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Indian festivals are a treat to enjoy, and other religious events gain importance too, as there are so many cultural differences and religions in India. Be it a festival or an occasion, it is observed by all Indians irrespective of their cultural and religious differences. Muharram or Moharam as colloquially known, is an Islamic eve which is observed throughout the world. To be precise, Muharram is not a festival – it is a day on which certain important events occurred and they are remembered every Islamic year. The Islamic year, which is also known as Hijri, is based on lunar calendar. The days of the month are calculated based on the appearance of moon. The most important month of muslims – Ramadhan – begins and ends with the sighting of crescent. The same goes for Muharram also. Let’s explore the significance of Muharram.

Muharram photoPhoto by Gabby Canonizado 02 (New account)

When is the eve of Muharram?

Muharram is the name of first month of Islamic calendar, like January for Gregorian calendar. So literally Muharram 1 is the birth of new Islamic year. But the new year is not celebrated highly. On the other hand, the tenth day of Muharram gets importance due to the occurrence of certain events.


The tenth day of Muharram is also known as Aashura which comes from the Arabic word Ashr, meaning “ten”.

What is the importance of this festival?

A few important incidents of Islamic belief has occurred on the tenth day of Muharram. The splitting of sea and escape of Prophet Moses (Peace Be Upon Him) with his followers from the tyrant Pharoah, as mentioned in the holy book of Qur’an has happened on this day as quoted in hadith texts – the sayings of Prophet Muhammad (Peace Be Upon Him)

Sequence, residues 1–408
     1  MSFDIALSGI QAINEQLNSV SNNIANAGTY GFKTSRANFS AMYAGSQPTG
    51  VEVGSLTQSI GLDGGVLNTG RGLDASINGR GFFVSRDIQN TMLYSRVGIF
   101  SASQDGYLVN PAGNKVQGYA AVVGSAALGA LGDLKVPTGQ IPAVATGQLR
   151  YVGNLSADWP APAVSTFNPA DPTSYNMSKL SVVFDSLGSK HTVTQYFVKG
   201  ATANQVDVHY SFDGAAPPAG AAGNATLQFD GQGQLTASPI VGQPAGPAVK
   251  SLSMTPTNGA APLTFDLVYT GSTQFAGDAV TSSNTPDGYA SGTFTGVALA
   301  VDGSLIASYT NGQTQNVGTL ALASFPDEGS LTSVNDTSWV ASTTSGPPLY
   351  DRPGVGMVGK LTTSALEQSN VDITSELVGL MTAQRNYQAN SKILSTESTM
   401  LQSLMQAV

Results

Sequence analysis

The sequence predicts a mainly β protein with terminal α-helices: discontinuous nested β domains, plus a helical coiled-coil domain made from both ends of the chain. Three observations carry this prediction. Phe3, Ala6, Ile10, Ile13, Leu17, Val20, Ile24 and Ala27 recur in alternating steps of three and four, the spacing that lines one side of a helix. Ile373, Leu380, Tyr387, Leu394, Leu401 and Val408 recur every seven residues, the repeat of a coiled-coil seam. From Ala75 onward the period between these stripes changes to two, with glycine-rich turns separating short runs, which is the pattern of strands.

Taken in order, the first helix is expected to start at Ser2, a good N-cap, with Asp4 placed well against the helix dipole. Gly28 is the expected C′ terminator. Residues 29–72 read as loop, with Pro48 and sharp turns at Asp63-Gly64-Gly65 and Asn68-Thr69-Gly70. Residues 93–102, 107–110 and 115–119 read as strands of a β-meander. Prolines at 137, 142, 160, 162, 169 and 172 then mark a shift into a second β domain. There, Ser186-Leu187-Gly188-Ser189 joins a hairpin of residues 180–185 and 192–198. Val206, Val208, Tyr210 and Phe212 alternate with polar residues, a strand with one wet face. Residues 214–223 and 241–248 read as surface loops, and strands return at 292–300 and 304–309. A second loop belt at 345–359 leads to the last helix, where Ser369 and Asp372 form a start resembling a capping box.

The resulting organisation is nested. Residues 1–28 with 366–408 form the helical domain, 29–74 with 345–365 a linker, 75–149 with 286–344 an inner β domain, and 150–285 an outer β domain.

See Also -   Diwali - Festival of Lights

Another important incident widely known is the battle of Karbala in Iraq which happened in the year 680 A.D. Imam Hussain was martyred in the battle and this is marked as an important day in Islamic history.


What muslims do on this day?

As mentioned previously, Muharram (or Aashura) is not a festival to celebrate or rejoice. On this day, muslims observe fasting from dawn to dusk. It is highly encouraged to fast for two days, including the day preceding or following Aashura. Prayers are made on this day with extreme humbleness and there is a holiness in air on this eve.

Some misconceptions and rituals

First misconception regarding Muharram is its festivity. Unlike Eid, this festival is not a day to celebrate. Next misconception is regarding the rituals followed in some Indian states.
On the eve of Muharram, people can be seen hurting themselves with sharp objects, as they lament and express sorrow. Such practices can be seen in a very few Indian communities, and they are not widely observed and accepted. These are done based on the people’s own will and there are no strong evidences for such things in religious texts.

Observing Muharram in India

Though muslims are found worldwide and they all observe this festival, in India it is not all the same. Muharram is an official holiday in many states and those who are aware of its importance observe fasting. Other rituals of lamenting and sorrow are followed in few sects, mainly in north India. This day is a peace eve where a religious holiday is accepted by all Indians in spite of religious and cultural differences.

Apart from the two Eid festivals, this is another important day for muslims. But the its significance and importance is little known, or incorrectly known. It is important to educate ourselves with the right facts in order to pass correct information to the next generation.


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